Over 99% of the counterfeit electronic components available in the global market are predominantly produced and consumed in China by “Professional Commercial Counterfeiters”.  In contrast to ‘Cottage Industry’ operators Professional Commercial Counterfeiters are typically large organisations employing 100’s of highly trained personnel across many technology disciplines. In many cases these counterfeiters  were established by Western based technologists who simply wanted to establish a high volume manufacturing source in what was a lower cost area when compared to the EU or USA. Having invested heavily in the capital equipment necessary for advanced manufacturing and in IT systems to support it at some point these counterfeiters began to supply their output directly to end customers or onto the Grey/Broker market. Usually, this move could be put down to simple greed, but just as often it was a survival strategy due the loss of a production contract with a Western technologist.

Like their cottage-based counterparts Professional Commercial Counterfeiters are expert at making counterfeit components appear as if they came from the original manufacturer/Intellectual Property holder but in stark contrast their products can be remarkably good, passing demanding OEM test procedures and operating to data sheet specifications for the predicted lifetime of the end equipment.

When it goes wrong

The old Latin maxim ‘Caveat Emptor’ (Buyer Beware) still applies to the purchasers of electronic components today, just as it did to the Chariot buyers in the Roman Latin wars over 2,000 years ago.

The UK predominantly manufactures industrial products, (as does most of Europe and the US) which demand a long in-service lifetime. The cost of a poor purchasing decisions by companies in this sector can have financial impact out of all proportion to the cost of the components purchased, especially when customer goodwill or organisational reputation is damaged. Early failure of capital equipment will inevitably lead to customers complaining, voting with their order books, or suing, or possibly all three. All counterfeit operations are driven by demand and can be eliminated if that ‘demand pull’ is removed because they will have no market. The response of all responsible purchasing organisations in the electronic components supply network to an offer that sounds too good to be true from outside of their trusted supply network should be very simple: “Just Say No!”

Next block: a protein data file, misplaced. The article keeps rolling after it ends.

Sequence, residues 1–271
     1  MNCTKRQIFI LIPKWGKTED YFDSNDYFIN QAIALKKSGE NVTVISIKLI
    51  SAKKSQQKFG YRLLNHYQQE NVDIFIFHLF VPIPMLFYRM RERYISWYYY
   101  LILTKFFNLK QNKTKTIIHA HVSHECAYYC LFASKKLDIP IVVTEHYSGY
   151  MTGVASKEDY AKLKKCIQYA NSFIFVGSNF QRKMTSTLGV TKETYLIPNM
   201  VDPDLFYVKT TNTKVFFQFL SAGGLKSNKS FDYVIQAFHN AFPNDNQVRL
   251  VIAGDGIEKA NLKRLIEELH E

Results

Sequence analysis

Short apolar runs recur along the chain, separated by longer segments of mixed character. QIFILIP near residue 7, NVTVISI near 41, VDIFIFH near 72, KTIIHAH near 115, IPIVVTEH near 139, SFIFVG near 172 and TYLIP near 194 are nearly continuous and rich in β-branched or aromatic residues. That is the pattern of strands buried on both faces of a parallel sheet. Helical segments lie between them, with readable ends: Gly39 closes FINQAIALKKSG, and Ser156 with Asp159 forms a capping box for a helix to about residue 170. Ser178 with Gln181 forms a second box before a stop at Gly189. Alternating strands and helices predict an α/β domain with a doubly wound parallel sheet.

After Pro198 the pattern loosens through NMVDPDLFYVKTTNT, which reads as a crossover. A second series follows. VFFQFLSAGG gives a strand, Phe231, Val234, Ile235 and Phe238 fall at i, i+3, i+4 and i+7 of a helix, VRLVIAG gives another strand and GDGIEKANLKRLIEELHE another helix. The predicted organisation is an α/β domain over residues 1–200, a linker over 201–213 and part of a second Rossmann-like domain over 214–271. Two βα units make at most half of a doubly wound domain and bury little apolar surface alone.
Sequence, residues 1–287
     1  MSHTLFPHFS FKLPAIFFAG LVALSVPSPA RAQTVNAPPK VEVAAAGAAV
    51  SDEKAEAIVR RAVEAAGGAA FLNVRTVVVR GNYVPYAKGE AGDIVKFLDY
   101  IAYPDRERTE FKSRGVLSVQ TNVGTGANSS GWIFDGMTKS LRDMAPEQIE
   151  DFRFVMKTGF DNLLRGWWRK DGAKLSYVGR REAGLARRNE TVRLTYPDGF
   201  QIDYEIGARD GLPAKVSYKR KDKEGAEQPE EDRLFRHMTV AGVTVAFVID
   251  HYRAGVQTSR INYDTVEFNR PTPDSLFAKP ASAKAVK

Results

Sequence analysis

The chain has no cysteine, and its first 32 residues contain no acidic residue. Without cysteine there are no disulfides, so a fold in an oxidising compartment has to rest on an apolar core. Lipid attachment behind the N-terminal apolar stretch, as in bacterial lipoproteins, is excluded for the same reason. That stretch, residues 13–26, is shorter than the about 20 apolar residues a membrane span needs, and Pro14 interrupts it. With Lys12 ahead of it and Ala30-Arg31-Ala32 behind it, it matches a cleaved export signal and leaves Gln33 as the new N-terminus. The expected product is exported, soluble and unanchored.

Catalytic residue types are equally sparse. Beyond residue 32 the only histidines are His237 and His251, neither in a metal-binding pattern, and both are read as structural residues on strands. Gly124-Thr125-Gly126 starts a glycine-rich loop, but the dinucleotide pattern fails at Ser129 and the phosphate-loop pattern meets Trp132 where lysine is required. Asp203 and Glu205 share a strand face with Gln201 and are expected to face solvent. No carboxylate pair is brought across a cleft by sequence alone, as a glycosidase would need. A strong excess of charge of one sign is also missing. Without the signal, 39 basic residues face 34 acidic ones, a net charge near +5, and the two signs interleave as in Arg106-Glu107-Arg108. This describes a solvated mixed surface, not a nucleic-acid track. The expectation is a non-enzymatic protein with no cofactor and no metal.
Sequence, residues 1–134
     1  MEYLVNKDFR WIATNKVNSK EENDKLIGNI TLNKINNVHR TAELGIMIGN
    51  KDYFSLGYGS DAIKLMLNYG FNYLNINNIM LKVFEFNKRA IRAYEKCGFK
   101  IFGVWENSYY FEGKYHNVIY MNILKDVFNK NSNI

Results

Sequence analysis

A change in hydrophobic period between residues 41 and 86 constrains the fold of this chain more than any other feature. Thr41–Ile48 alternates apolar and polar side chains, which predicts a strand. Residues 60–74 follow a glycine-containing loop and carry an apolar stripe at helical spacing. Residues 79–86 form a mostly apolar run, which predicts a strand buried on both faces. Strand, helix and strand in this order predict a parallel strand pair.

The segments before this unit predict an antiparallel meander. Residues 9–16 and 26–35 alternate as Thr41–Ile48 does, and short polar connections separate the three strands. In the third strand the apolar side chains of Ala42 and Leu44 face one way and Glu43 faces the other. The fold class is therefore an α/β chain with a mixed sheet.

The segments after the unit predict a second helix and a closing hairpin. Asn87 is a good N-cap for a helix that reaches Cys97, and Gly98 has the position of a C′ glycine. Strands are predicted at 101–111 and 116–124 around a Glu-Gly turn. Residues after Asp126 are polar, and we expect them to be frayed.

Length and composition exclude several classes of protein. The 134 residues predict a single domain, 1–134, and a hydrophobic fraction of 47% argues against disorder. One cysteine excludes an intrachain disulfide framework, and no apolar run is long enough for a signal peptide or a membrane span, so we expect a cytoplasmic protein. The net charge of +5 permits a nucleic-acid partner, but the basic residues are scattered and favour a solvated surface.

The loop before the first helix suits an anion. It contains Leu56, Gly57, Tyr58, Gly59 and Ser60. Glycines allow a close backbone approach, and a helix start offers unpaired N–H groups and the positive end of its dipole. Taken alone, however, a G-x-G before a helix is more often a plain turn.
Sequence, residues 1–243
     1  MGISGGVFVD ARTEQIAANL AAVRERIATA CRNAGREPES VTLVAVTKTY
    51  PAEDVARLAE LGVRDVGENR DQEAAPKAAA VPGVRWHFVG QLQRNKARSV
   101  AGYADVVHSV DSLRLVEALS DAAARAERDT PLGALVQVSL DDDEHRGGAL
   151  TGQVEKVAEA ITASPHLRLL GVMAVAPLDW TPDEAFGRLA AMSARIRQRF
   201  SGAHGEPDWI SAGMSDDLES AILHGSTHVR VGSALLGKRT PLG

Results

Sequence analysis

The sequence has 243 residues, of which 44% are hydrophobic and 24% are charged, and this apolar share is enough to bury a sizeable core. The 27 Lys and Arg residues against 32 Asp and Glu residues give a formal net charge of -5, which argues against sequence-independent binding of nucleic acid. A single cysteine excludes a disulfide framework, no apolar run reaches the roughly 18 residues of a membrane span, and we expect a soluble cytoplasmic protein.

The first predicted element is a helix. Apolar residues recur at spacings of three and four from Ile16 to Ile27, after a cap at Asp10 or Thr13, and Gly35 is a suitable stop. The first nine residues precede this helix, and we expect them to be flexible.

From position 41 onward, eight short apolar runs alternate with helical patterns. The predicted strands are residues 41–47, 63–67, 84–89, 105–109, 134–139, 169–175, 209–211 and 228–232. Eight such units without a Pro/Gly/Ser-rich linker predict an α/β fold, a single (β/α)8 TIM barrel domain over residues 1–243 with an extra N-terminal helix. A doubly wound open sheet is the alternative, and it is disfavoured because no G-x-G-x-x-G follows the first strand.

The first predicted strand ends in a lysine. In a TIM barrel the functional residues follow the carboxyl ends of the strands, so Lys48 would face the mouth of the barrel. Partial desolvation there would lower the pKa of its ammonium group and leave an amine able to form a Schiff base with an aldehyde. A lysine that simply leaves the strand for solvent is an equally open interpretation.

Final thoughts

Counterfeit components impinge on the Intellectual Property rights of the organisations that designed them and can have a significant negative impact on their revenue stream, and therefore on their ability to re-invest. It can also cause the original components manufacturer reputational damage as the failure to stop counterfeiting is primarily their responsibility. Electronic component manufacturers need to address the reasons behind the counterfeit ‘plague’. One area they could start with easily is by improving their capability to manage their inventory on a global basis, particularly in Asia, and establish effective control over where and to whom their product is shipped. They also need be able to re-direct a shipment when necessary to meet ‘real’ rather than ‘phantom’ customer demand generated by organisations seeking to cynically exploit failures in the market.

I urge procurement professionals to exercise great care in the ongoing management of their organisation’s forward order books and continue to work closely with their trusted, long-term supply partners. Careful collaboration between customers, component manufacturers and their authorised distributors provides the best chance of achieving a ‘win-win’ result for all parties in the electronic components supply network and the wider economy.

Organisations who would like to learn more about counterfeit avoidance may wish to review the information held by the Anti-Counterfeiting Forum www.anticounterfeitingforum.org.uk or attend the SMTA – Counterfeit Electronics and Material Symposium at https://smta.org/events/EventDetails.aspx?id=1665471&group=